Should States Let the Federal Government Set Education Standards for Schools?

Comprehensive guide to the debate over national standards

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Wednesday may prove a decisive victory for those in favor of national education standards in primary and secondary school. Massachusetts may become the next state to adopt the national standards advocated by the Obama administration, which is offering extra funding in the Race to the Top competition to states agreeing to the standards by August 2. Why is Massachusetts so important? In many ways, it stands at the center of a fierce debate over standards. The state is widely regarded as "having the nation's best education system," explains as Tamar Lewin of The New York Times, and many "see the common core standards as a comedown," even though "states that adopt the standards are allowed to have additional standards, as long as the common core represents at least 85 percent of their English and mathematics standards." Comparisons of the two sets of standards have been mixed; reviews claiming the national ones to be equal or better have been criticized for getting funding from the same groups supporting the national standards.

So should Massachusetts hop aboard the national train? And what about other states? Lewin notes, for example, a study "determin[ing] that the new common core standards are stronger than the English standards in 37 states and the math standards in 39 states." Some think the national system is a no-brainer, but others say the convenience of having everyone on the same page isn't worth what might be lost.

  • National Standards: The One Thing We Can All Agree On  "Interestingly, uniform standards is one area where teachers' unions and the education reform community can come together," observes Richard Kahlenberg in The New York Times' Room for Debate. Far from stifling creativity in the classroom, national standards are supported by the American Federation of Teachers for "mak[ing] a teacher's job more manageable ... a strong set of common standards would free teachers from both writing the script and performing it. They could, like actors, focus on interpretation and delivery."
  • National Standards: Lowering the Bar  The Boston Herald editorial board is outraged at Massachusetts's predicted capitulation to the national standards, pointing out that the "three sets of reviewers" claiming the standards were on par with the state's current ones were "hardly independent." In fact, the review by Sandra Stotsky, formerly on the state's Board of Elementary and Secondary Education and another participant in the Times Room for Debate discussion, found that the national standards were below those in Massachusetts. "Do we really want literature to be only 50 percent of assigned high school reading?" ask Herald editors. "Do we really want to wait until fourth grade to have students sound out multi-syllable words? No, we don't."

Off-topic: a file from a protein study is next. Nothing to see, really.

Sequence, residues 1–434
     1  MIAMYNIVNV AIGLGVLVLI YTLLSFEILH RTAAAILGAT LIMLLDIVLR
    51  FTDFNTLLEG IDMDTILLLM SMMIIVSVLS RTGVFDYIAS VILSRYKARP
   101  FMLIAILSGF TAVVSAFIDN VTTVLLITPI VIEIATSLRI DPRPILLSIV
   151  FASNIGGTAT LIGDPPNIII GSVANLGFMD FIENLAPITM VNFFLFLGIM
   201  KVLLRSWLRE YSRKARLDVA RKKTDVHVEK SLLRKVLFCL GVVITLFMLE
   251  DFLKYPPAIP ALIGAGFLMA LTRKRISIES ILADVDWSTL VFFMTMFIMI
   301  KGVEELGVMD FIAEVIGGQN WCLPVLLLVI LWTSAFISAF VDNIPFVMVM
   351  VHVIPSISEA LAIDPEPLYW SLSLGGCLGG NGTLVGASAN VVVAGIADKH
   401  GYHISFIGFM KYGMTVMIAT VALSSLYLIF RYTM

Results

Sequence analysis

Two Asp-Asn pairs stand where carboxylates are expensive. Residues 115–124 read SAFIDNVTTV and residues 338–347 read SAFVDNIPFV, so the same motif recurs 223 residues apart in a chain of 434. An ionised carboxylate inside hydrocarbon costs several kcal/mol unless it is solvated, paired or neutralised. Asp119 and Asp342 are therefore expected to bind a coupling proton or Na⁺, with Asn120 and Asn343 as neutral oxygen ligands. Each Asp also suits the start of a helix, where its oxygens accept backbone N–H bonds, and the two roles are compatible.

• On the Contrary: Students Will Benefit from These ReformThe Boston Globe, though, disagrees with both Stotsky and the Herald.
When the Common Core diverges from the state’s standards, it’s usually for sensible reasons. The federal standard, for example, puts less emphasis on poetry, drama, and literary studies in the lower grades. But it does put more emphasis on nonfiction, with the expectation that students will be better prepared by high school to read and interpret complicated texts in science and history ... the standards draw heavily on nations with the highest achievement levels in science and technology, including Singapore.
  • If So, Only In a Decidedly Anti-Enlightenment Way  The Globe's argument is unlikely to convince U.C. Berkeley professor of education and public policy Bruce Fuller, who thinks "standards threaten to further routinize pedagogy." The new initiative abandons, he argues, the lessons of "the Enlightenment when progressives first nudged educators to nurture in children a sense of curiosity and how to question dominant doctrine persuasively." The Obama administration's "surgical" approach to education reform may be "understandable," he says, but it's also "wrong." Fellow Room for Debate participant Alfie Kohn agrees, writing that "the biggest fans of standardizing education are those who look at our children and see only future employees." Meanwhile, "no good data support the value of national standards. Even if you regard standardized test results as evidence of meaningful achievement (which I do not)," he writes, "it turns out that while most high-scoring countries have centralized education systems, so do most of the lowest-scoring countries." He's not sure the mere convenience "particularly for companies that produce curriculum and tests--[of having] all fourth graders learn the same thing" is worth it.
  • Removing the Power to Educate  Neal McCluskey at Cato worries that states giving up control will lead not just to lower standards now in states like Massachusetts, but lower standards in the future: states with the best intentions will sit helpless while "the same political forces that have smushed centralized standards and accountability in almost every state ... will just do their dirty work at the federal rather than state level ... but they will have the added benefit of one-stop shopping."
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